Heady Business

Skulls, Heads, and Decapitation in Neolithic Anatolia and Greece


  • Lauren E. Talalay University of Michigan




decapitation, Anatolian wall paintings


Bodily dismemberment—particularly decapitation—appears in the iconography and mortuary practices of many ancient societies. A powerful and complex cultural statement, decapitation has been explored in some depth by archaeologists working in the prehistoric Levant and contiguous regions of the Near East. Very little research, however, has focused on the notion of headlessness and decapitation throughout the rest of the prehistoric Mediterranean. Some limited examples appear in the artistic traditions and burial practices of Anatolia and Greece; Anatolian wall paintings depict headless individuals, Neolithic burials in both regions produce skulls placed in specially designated locations, and select figurines appear to be designed with detachable heads. This paper gathers together some of the disparate information on headless bodies and bodiless heads from Anatolia and Greece, and offers preliminary conclusions on the range of their possible functions and meanings.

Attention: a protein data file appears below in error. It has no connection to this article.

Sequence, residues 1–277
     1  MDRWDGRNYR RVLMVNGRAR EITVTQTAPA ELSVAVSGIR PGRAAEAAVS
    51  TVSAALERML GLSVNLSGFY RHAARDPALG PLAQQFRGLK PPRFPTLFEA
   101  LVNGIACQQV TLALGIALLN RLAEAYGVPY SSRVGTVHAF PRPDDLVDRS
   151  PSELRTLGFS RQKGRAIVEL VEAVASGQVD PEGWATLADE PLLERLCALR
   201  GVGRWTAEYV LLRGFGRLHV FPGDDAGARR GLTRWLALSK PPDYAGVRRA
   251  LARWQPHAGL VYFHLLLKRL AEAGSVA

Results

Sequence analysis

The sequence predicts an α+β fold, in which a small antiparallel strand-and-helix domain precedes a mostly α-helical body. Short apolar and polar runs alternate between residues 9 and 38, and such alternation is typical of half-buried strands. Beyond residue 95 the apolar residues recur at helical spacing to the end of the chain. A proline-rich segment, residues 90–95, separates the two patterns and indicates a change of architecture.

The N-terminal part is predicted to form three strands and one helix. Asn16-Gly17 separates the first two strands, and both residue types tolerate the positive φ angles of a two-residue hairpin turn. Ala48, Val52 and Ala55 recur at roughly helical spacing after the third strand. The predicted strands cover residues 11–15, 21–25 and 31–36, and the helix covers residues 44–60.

Author Biography

Lauren E. Talalay, University of Michigan

Kelsey Museum of Archaeology, University of Michigan, 434 South State Street, Ann Arbor, MI 48109-1390, USA



How to Cite

Talalay, L. E. (2007). Heady Business: Skulls, Heads, and Decapitation in Neolithic Anatolia and Greece. Journal of Mediterranean Archaeology, 17(2), 139–163. https://doi.org/10.1558/jmea.